By John Drachman
One of the United States’ founding principles “No Taxation without Representation” also means there’s no time like a Presidential election year to think about how you would like to deploy or defer your tax dollars.
After passing The Tax Cuts and Jobs Act (TCJA) that effectively lowered taxes for about 80% of Americans, according to the Tax Policy Center, President Trump is urging additional tax reform in 2020. One idea is a proposal to defer the payment of a capital gains tax if the proceeds of a sale are reinvested into stocks. Consideration is also being given to cutting the 22% marginal income tax rate to 15%, which would affect households with income between $78,951 and $168,400. Finally, Trump has proposed indexing the cost basis on investments to inflation to further reduce the capital gains tax.
For Democrats, Bold Proposals Need Tax Revenue
On the other hand, paying for Democratic proposals like Medicare for All or The Green New Deal will take significant tax revenue. Here’s an overview of candidate tax policy preferences. For more details, see this comparative guide of the Democratic candidates’ tax positions from the consulting firm BakerTilly.
- Individual tax. With few exceptions, all Democratic candidates support returning the top individual tax rate to 39.6%. While Warren wants to repeal the lowest rates from Trump’s tax plan, Sanders is looking to add brackets progressing up to 66% on incomes above $10 million. Most candidates want to tax capital gains at ordinary income rates. Warren likes the idea of adding another 14.8% tax on the lesser of investment income or total income above certain thresholds.
- Tax credits. Many of the candidates would like to see increases in and expansions of the child tax credit and the earned income tax credit. Bloomberg and Steyer want to make the child tax credit refundable.
- Payroll taxes. Ideas extend from raising the wage cap to $250,000 or $400,000 to Biden’s idea of subjecting all income to the payroll tax. Sanders and Warren propose self-employment taxes for all pass-through business income.
- Wealth taxes. Sanders and Steyerare proposing a wealth tax ranging from 1% on net wealth greater than $32 million. Warren is looking at 2% on net wealth greater than $50 million. Under Sanders’ plan, the rates would incrementally increase so wealth over $10 billion would be taxed at an 8% rate.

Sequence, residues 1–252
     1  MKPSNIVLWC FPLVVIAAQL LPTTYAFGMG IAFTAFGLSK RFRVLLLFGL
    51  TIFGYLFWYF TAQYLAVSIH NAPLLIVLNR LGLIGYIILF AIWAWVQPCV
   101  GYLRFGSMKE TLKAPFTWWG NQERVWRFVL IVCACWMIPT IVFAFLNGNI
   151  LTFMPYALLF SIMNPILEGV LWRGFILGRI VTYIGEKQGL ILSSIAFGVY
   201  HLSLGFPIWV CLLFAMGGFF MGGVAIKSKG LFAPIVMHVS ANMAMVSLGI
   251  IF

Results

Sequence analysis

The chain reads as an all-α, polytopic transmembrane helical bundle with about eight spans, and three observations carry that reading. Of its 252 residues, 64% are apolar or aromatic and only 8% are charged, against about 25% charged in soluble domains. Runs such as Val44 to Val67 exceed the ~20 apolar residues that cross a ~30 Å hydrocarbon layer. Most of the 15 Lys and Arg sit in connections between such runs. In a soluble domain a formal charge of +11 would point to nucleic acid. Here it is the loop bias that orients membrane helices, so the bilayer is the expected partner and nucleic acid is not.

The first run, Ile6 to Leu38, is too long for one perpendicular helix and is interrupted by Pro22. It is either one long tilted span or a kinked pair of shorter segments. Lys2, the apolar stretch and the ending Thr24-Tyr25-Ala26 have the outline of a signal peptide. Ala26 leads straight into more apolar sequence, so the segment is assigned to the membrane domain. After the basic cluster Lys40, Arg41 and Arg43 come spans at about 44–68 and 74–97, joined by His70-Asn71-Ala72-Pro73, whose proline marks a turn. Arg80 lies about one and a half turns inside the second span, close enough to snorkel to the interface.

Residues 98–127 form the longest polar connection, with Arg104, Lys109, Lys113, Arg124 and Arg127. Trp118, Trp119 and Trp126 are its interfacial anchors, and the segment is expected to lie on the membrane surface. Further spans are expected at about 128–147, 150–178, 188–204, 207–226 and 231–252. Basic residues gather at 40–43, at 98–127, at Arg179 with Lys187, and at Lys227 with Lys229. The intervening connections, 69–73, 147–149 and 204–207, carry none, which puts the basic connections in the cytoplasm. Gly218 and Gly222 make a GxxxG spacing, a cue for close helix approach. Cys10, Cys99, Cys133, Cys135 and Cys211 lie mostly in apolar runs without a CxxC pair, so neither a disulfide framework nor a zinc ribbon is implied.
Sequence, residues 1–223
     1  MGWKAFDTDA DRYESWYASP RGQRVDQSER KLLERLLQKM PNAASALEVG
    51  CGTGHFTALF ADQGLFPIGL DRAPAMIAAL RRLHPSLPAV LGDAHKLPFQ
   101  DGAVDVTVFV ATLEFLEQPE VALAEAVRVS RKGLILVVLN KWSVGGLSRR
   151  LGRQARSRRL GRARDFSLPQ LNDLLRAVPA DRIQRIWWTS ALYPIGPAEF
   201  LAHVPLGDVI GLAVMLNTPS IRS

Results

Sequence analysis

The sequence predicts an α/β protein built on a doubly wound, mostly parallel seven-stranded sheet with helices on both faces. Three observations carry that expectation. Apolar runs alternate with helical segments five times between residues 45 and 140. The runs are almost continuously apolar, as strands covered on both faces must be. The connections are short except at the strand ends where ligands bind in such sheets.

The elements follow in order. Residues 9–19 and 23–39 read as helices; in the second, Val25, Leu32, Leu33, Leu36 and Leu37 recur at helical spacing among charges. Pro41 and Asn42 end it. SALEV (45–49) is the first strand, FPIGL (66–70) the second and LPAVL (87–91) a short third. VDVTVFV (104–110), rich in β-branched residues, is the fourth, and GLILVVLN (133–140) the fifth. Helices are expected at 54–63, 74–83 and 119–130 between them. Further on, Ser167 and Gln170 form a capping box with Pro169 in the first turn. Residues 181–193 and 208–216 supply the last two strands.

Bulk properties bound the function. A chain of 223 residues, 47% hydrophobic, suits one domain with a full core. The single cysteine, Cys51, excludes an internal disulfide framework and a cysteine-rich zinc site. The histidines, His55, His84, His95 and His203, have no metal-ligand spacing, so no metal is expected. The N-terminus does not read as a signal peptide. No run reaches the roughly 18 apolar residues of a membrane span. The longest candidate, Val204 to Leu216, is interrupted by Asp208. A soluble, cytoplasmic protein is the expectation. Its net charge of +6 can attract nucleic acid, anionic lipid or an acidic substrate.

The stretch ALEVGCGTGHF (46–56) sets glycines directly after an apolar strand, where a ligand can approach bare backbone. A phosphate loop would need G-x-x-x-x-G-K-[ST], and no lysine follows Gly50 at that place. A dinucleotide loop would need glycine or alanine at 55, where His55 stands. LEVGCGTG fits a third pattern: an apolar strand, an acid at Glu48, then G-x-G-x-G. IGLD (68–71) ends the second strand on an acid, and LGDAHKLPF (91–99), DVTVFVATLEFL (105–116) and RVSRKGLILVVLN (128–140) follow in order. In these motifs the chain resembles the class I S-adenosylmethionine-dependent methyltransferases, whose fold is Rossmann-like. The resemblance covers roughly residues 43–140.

- Estate taxes. Sanders would incrementally increase the estate tax rate to 77% for estates valued over $1 billion, while Bloomberg says he would lower the value threshold of the estate instead.
- Business taxes. All of the candidates advocate raising the corporate tax rate. Biden and Klobuchar would also like to reinstate the corporate alternative minimum tax on large corporations.
Other common democratic themes include expansion of wind and solar energy credits. Biden, Buttigieg, Klobuchar, Sanders, Steyer and Warren favor the removal of fossil fuel tax advantages. Bloomberg and Buttigieg want to impose a carbon tax. Taking aim at Wall Street, Buttigieg, Sanders and Warren hope to impose a financial transaction tax on all trades to help finance Democratic proposals.
As you compare candidates and tax policies this spring, chances are you’re knee deep in your own tax considerations. If you’re concerned about getting the current TCJA policy correct for your April 15 tax filing think about hiring a professional tax preparer. That way you won’t miss out on potentially valuable deductions while weighing the pros and cons of 2020’s crop of candidates.
John Drachman is a contributing writer to MyPerfectFinancialAdvisor the premier matchmaker between investors and advisors .John is an IABC award-winning writer who applies his 30 years of financial marketing experience toward advancing the dialog between investors and investment professionals.